What is Melanoma?
Melanoma is the most serious kind of skin cancer. Most melanomas show up as a new spot or skin growth. But they can also form in an existing mole. Melanoma can affect your skin only, or it may spread to your organs and bones.
What Causes Melanoma?
Too much UV radiation from sun exposure causes normal skin cells to become abnormal. These abnormal cells quickly grow out of control and attack the tissues around them.
You can get melanoma by spending too much time in the sun. You are at higher risk for melanoma if you have any of these:
- Fair skin
- A family history of melanoma
- Many abnormal, or atypical, moles. These moles may fade into the skin and have a flat part that is level with the skin. They may be smooth or slightly scaly. Or they may look rough and "pebbly."
What are the Symptoms of Melanoma?
You may not have any symptoms in the early stages of melanoma. Or a melanoma may be sore, or it may itch or bleed.
Melanoma usually starts as a new skin growth. But it can develop in an existing mole or other mark. Melanomas can grow anywhere on the body.
The most important warning sign of melanoma is any change in size, shape, or color of a mole or other skin growth. The ABCDE system tells you what to look for.
- A for asymmetry. One half of the mole doesn't match the other half.
- B for border irregularity. The edges are ragged, notched, or blurred.
- C for color. The color isn't the same throughout the mole.
- D for diameter. The mole is larger than the size of a pencil eraser.
- E for evolution. There's a change in the size, shape, symptoms (such as itching), surface (especially bleeding), or color of a mole.
How is Melanoma Diagnosed?
To check for melanoma, your doctor may:
- Do a physical exam of your skin. Your doctor will check your skin to look for melanoma.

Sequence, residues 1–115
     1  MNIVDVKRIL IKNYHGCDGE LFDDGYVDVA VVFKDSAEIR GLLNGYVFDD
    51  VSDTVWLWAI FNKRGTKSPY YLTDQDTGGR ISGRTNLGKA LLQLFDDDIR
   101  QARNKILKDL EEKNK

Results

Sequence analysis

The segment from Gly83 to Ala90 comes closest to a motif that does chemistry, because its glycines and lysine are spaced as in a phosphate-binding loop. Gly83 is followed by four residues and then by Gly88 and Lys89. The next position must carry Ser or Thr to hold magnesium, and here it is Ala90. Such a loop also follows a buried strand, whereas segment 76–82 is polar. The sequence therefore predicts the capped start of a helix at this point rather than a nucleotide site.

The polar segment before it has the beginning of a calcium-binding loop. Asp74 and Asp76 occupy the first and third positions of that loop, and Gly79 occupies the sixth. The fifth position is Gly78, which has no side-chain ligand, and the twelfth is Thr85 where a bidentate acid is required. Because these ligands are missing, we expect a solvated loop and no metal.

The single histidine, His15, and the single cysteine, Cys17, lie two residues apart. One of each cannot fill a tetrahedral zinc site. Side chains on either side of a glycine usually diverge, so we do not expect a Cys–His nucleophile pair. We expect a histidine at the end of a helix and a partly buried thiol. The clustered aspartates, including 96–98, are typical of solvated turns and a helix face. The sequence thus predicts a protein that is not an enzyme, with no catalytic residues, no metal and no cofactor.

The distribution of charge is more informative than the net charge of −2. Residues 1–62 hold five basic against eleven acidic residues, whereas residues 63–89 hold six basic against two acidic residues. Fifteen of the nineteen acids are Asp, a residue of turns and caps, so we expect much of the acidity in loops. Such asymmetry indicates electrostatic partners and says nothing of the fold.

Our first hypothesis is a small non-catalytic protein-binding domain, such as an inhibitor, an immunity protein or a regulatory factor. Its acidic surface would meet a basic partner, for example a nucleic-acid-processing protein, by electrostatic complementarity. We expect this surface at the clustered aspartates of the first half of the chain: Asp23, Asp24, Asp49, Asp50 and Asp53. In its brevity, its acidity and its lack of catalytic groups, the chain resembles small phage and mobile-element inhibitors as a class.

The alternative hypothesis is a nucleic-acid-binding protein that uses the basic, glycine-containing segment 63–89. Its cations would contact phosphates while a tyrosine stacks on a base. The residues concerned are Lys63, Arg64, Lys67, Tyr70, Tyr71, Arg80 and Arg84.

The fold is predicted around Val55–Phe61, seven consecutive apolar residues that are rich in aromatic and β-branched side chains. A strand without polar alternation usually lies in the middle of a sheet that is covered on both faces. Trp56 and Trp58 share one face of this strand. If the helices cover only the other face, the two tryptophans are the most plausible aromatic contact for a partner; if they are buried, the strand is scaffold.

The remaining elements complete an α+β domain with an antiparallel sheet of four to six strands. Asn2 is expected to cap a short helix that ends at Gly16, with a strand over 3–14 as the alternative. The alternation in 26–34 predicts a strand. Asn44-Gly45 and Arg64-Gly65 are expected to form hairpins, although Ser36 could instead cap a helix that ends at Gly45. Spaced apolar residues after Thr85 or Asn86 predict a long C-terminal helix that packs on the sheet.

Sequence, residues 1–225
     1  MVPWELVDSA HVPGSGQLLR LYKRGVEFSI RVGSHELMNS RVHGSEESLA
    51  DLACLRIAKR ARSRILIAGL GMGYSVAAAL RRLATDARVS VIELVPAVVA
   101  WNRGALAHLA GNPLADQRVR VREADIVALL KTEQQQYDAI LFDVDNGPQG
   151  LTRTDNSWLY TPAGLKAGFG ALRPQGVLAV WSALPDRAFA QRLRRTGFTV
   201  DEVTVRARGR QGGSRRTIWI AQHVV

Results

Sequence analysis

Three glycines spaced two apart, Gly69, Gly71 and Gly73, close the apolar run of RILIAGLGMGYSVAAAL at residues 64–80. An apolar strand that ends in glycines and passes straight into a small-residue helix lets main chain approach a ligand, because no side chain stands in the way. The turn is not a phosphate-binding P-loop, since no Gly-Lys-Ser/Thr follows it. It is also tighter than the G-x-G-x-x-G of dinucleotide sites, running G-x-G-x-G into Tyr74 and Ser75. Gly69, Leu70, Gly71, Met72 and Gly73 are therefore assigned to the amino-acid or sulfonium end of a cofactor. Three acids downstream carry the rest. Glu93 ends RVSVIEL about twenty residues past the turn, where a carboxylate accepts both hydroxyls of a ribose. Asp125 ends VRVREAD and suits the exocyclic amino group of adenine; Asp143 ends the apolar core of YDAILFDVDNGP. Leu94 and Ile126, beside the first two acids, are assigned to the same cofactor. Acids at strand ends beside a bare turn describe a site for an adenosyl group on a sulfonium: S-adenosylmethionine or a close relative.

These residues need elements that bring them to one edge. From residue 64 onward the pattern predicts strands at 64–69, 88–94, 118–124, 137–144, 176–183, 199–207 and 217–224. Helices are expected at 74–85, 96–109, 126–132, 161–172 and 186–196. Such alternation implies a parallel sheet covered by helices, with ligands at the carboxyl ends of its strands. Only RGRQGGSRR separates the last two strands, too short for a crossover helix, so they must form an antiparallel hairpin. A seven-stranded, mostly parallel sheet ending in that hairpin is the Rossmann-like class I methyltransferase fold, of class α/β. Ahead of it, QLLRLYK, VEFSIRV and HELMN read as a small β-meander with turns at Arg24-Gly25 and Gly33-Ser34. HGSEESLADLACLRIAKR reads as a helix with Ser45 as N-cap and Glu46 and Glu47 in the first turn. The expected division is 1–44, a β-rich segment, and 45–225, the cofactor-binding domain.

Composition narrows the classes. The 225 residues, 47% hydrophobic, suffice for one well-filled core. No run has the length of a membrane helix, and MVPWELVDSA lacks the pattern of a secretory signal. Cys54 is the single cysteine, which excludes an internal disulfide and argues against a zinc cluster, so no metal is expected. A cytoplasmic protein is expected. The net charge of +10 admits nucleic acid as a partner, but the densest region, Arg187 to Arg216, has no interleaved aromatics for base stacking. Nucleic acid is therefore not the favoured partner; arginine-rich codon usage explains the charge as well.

- Do a skin biopsy. Your doctor will take a sample of your skin and have it tested for melanoma.
- Check your lymph nodes to see if they are larger than normal. This may be followed by a sentinel lymph node biopsy to see if the melanoma has spread to your lymph system.
- Do imaging tests. These tests include PET scan, CT scan, and MRI. These tests can show if the cancer has spread to other parts of your body, such as the lungs, brain, or liver.
Other techniques may include total-body photography. A series of photos of the suspicious lesions may be taken. These photos can be used as a baseline to compare with follow-up photos.
Where Does Melanoma Usually Spread?
Melanoma usually spreads (metastasizes) first into nearby lymph nodes. It can also spread through the bloodstream. Distant metastases typically are found in the skin, liver, lungs, bone, and brain.
How is Melanoma Treated?
Treatment for melanoma is based on the stage of the cancer and other things, such as your overall health. The main treatment is:
- Surgery: The doctor removes the melanoma and a border of normal tissue. In some cases, the doctor may remove the first lymph node that the cancer may have spread to. If cancer is found, nearby lymph nodes may be removed and checked for cancer.
Other treatments may include:
- Immunotherapy: This treatment helps your immune system fight cancer.
- Targeted therapy: These medicines attack only cancer cells, not normal cells. They help keep cancer from growing or spreading.
- Chemotherapy: These medicines kill fast-growing cells, including cancer cells and some normal cells.
If melanoma has spread (metastatic cancer), surgery may be done. You’ll probably need other treatments too. Sometimes a clinical trial may be a good choice.
Your doctor will talk with you about your options and then make a treatment plan.
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